Overripe grapes are inedible, right? Wrong! Sure, they’re less appetizing than their fresher counterparts and can cause some stomach discomfort if eaten in large quantities.
But that doesn’t mean the grapes have to go to waste. With a little creativity, you can find many ways to put them to good use—and get more for your money while you’re at it.
Creative Things to Do with Overripe Grapes
- Turn up the Heat
- “Raisin” the Stakes
- Refreeze Them
- The Possibility of Wine
- Juices and Jams
- Special Recipes
- Dried Grapes
- Grape Jelly
- Grape Vinegar
- Vegetable Soup
- Grape Jam
- Grape Pie
1. Turn up the Heat
If you’re not a fan of raisins, there are other ways to put overripe grapes to good use. One option is to turn them into juice or jam.
To make grape juice, start by blanching and peeling the grapes (just like in the raisin-making process). Then, place them in a blender and fill the pitcher with water.
Blend until you have a fine mixture, then strain out any pulp or seeds in a strainer that’s been lined with cheesecloth. Add sugar to taste if desired (though it probably won’t be necessary), and enjoy!
If making jam sounds more appealing than juice, follow basically the same process but add less water so you end up with more of a grape paste—perfect for spreading on toast, adding to sandwiches , etc.
One final option is to turn your overripe grapes into jelly by following this recipe . The only difference is that instead of just four cups of fruit, use six cups filled half way each time before boiling them down completely.
2. “Raisin” the Stakes
If you need to top off a grapevine wreath or are looking for an unusual décor element, look no further than some dried grapes.
If you have a dehydrator, use it . If not, put the grapes in an oven at 200 degrees Fahrenheit for one hour to create raisin-like grape clusters.
Once dried, your overripe grapes are now ready to be used as decoration—no additional steps necessary!
You can string them together into garlands or wreaths using florist wire, hang them from picture frames, place them inside vases , and so on. Or simply scatter them across tabletops in bowls
You’ll also find that these dried grapes make great additions to homemade bath bombs!
They add color without adding any extra additives or chemicals while still being gentle enough for sensitive skin types.
Plus they offer some nice benefits like exfoliation and skin nourishment.
If you’re not sure how to use them, the grapes may start out as decorations but become food—so keep that in mind when placing your grape garlands or wreaths throughout the house!
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3. Refreeze Them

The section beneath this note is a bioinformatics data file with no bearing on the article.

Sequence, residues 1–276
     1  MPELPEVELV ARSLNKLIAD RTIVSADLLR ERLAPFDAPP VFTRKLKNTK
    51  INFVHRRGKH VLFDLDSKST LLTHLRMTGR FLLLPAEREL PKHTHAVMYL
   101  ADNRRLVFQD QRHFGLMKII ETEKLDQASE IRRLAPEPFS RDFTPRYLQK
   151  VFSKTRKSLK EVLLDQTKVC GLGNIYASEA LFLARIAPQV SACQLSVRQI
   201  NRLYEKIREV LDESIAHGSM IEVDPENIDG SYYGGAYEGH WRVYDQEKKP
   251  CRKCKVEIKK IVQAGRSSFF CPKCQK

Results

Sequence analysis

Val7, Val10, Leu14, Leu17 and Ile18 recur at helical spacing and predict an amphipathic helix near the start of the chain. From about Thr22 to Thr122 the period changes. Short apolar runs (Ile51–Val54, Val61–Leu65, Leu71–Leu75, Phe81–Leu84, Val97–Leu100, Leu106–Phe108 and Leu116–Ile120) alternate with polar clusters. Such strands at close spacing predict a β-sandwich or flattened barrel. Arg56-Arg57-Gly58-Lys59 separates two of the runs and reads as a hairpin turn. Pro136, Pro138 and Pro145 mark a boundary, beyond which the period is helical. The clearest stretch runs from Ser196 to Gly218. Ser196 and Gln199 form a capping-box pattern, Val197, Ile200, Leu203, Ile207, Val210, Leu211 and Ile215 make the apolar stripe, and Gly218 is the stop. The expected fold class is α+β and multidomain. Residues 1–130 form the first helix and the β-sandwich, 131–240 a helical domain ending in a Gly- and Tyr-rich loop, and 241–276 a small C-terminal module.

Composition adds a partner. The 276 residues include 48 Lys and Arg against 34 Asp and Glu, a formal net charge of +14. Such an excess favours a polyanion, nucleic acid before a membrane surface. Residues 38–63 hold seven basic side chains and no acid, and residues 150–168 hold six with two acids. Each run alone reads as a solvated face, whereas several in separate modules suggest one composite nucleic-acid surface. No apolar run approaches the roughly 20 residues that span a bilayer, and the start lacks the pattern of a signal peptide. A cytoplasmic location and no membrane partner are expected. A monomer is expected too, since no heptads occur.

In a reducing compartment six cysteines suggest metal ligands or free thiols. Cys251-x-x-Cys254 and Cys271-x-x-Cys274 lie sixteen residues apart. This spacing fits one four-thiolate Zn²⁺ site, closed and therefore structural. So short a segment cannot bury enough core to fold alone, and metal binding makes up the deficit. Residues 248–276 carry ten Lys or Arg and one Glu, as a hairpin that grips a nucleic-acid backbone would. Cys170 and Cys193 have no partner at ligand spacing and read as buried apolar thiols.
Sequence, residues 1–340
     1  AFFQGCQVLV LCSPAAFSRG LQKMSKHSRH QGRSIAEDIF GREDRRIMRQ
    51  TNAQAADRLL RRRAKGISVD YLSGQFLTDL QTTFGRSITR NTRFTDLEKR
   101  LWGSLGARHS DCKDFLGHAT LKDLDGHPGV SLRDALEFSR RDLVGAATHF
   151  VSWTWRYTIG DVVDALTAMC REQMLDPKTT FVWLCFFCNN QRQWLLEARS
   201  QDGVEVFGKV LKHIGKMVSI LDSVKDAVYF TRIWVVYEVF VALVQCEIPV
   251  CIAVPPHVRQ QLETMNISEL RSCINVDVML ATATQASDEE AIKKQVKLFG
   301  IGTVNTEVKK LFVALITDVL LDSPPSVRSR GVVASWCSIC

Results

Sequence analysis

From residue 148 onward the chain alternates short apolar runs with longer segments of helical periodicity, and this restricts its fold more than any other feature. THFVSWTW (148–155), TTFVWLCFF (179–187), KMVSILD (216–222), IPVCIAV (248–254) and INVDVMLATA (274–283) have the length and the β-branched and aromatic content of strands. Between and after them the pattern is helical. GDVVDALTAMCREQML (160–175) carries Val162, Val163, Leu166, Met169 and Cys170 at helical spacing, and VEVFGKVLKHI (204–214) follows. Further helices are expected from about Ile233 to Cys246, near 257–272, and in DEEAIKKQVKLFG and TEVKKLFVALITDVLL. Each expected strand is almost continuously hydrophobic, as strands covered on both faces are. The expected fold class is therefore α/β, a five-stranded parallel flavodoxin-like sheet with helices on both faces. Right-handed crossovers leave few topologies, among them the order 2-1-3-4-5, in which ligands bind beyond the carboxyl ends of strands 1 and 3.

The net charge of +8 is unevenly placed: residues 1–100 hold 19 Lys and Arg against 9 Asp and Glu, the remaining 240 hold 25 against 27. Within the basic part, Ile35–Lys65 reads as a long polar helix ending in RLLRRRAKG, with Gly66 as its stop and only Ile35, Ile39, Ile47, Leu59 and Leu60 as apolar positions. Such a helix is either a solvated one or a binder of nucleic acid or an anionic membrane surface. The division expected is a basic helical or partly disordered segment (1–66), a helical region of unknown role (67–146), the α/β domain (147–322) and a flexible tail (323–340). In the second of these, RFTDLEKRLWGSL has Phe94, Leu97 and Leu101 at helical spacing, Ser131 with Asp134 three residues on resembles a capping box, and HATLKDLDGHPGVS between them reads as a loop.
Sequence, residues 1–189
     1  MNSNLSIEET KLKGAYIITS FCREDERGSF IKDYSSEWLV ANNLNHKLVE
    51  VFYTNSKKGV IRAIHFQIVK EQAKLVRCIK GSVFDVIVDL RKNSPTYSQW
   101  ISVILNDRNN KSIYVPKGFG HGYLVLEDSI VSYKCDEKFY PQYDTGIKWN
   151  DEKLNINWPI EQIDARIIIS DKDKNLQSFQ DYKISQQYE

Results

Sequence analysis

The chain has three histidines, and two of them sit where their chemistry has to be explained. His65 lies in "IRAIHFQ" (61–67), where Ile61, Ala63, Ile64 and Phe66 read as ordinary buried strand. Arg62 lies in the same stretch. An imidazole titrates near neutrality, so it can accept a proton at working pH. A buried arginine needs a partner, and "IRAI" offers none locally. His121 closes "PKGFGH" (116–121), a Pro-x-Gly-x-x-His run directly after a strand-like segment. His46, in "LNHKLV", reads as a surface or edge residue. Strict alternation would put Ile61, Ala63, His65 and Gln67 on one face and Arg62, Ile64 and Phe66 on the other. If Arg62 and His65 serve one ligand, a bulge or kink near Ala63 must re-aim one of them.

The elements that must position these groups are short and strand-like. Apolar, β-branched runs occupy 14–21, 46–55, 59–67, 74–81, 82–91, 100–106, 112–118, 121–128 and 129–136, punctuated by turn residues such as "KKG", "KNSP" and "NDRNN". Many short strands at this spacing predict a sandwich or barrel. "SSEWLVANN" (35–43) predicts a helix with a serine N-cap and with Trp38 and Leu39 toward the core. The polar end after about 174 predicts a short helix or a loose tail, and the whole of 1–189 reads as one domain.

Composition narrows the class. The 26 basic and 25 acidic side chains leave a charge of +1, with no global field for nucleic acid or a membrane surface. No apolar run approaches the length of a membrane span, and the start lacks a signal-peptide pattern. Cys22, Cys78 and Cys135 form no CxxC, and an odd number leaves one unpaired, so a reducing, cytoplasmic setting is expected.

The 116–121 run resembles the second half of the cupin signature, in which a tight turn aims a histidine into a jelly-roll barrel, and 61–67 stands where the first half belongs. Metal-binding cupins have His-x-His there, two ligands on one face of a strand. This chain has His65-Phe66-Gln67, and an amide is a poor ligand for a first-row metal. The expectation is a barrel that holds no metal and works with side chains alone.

If your overripe grapes are still feeling squishy, you can possibly salvage them by freezing them.
This works best if the grapes haven’t had time to ferment (meaning they aren’t starting to turn into raisins), but it also allows for an easy alternative, later on, should you want to use the frozen fruit for smoothies.
Just place the grapes in a resealable bag, and pop them into your freezer!
While this method should work to preserve overripe grapes for later use, it does run the risk of fermenting them or allowing other mold/mildew growths to form on their surface if you don’t use them up relatively quickly.
If you don’t happen to have an abundance of grapes on hand, but still want a healthy treat that tastes good and won’t break the bank, then consider making your own fresh grape juice!
There are several methods for creating your grape-based elixir, ranging from simple stovetop juice to using a juicer, but the easiest way is by simply boiling them on your stovetop for about 30 minutes.
When you’re done, it’s time to drink up! The final product will range from light pink/red if there are more white grape varieties involved or dark red depending on what grapes were used and how long they boiled.
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4. The Possibility of Wine
It might not be the sort of wine you’re used to—and it definitely won’t taste good unless fermentation has already taken place—but you can still turn overripe grapes into wine, anyway.
Don’t believe it? The good news is that the internet has your back here with tons of recipes out there for homemade grape wines.
You might even find some instructions on how to ferment overripe grapes in an old-fashioned pot or cask without special equipment (check YouTube).
That said, if you want a specific recipe and not one that’s cobbled together online, buy a book like Grape Winemaking by Tom Burford.
You may be wondering whether this counts as viniculture since fermentation won’t take place until after the grapes are dried out.
The answer comes down to personal interpretation, but many authorities would say no since the grapes need to be fresh and not dried out.
If you want a more specific answer, check with your local government agency that oversees wineries or contact the American Wine Society.